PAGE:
*Names in bold indicate Presenter
Remodeling decisions by homeowners are an important factor in the evolution of housing supply in the United States, playing a significant role in determining the evolution of house prices. To the authors’ knowledge, not many recent studies have analyzed the connection between investment decisions in home maintenance and improvements and house prices (Leventis, 2007; Downing and Wallace, 2001; Plaut and Plaut, 2010; Fisher and Williams, 2011).
Our paper spans the housing boom and bust in the U.S., based on bi-annual national American Housing Survey data sets from 2001 (at the beginning of the national house price bubble), over 2005 (just before the national house price bubble peaked), over 2007 (just after the national house price bubble crashed) to 2011 (when the national house price crash might have hit bottom).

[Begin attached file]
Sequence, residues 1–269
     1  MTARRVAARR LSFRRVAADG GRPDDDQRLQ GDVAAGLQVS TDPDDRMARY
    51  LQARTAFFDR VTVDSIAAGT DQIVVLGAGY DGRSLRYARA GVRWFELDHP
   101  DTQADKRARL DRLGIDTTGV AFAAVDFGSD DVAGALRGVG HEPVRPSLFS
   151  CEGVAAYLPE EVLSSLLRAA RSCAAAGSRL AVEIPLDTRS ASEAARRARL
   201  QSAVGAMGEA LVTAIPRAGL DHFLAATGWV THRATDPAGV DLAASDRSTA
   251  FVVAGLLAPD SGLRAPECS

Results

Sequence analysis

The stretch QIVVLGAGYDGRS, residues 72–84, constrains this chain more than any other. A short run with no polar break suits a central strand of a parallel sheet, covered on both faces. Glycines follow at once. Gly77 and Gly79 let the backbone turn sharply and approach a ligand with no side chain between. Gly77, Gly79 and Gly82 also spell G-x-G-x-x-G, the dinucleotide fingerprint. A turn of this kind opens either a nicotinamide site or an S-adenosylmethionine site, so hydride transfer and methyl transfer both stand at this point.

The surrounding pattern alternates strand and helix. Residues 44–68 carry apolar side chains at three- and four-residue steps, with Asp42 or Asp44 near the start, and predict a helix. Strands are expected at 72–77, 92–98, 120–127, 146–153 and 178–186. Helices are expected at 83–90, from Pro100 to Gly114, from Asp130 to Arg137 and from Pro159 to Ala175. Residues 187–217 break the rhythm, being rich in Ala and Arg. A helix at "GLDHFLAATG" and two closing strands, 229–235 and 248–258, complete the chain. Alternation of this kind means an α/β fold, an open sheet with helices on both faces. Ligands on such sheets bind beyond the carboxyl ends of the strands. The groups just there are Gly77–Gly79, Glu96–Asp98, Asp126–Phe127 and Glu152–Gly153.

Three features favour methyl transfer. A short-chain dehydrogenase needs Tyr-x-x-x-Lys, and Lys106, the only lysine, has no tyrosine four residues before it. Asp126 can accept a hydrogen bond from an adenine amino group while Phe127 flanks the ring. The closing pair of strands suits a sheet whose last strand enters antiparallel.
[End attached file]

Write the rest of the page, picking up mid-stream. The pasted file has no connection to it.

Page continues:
We ask the following research questions:
1. How has inflation-adjusted home value estimated by the homeowner changed from 2001 to 2011?
2. How have inflation-adjusted investments in home maintenance and improvements changed from 2001 to 2011?
3. What factors affect inflation-adjusted investments in home maintenance and improvements from 2001 to 2011?
Very preliminary results indicate that factors affecting remodeling investments vary by the change in housing value and the estimated return (if the unit were remodeled). The effect also varies geographically. Results will be refined and discussed in the public policy context.
- Anacker_Li_APPAM2014_100414.pdf (126.2KB)